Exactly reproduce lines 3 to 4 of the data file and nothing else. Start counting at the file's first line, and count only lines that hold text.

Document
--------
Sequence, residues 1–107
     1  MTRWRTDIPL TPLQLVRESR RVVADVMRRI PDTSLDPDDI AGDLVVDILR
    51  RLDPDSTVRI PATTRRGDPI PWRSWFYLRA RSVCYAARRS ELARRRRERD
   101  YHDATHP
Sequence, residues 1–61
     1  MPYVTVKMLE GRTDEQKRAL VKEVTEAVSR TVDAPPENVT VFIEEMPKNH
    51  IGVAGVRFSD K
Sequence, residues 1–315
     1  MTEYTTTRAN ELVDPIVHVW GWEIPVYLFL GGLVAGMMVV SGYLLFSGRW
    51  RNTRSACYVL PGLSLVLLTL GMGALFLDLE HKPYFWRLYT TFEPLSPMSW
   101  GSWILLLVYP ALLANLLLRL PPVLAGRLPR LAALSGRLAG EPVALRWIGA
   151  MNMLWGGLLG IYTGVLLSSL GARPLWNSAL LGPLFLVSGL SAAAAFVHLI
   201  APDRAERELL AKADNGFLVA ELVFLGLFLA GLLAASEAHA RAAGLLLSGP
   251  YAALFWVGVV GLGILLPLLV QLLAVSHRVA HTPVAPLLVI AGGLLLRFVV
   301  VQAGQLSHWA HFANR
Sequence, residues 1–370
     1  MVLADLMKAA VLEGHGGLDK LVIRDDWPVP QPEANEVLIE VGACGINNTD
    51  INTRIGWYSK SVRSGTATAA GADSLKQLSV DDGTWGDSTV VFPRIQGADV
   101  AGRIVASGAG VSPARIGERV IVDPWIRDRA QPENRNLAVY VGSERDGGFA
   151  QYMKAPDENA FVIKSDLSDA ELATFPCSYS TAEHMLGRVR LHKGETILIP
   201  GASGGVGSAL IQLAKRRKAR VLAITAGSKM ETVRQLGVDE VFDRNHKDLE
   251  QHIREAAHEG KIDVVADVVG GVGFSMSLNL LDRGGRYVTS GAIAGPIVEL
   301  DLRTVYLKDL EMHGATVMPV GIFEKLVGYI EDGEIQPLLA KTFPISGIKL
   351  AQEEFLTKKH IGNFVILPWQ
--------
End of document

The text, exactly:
    51  RLDPDSTVRI PATTRRGDPI PWRSWFYLRA RSVCYAARRS ELARRRRERD
   101  YHDATHP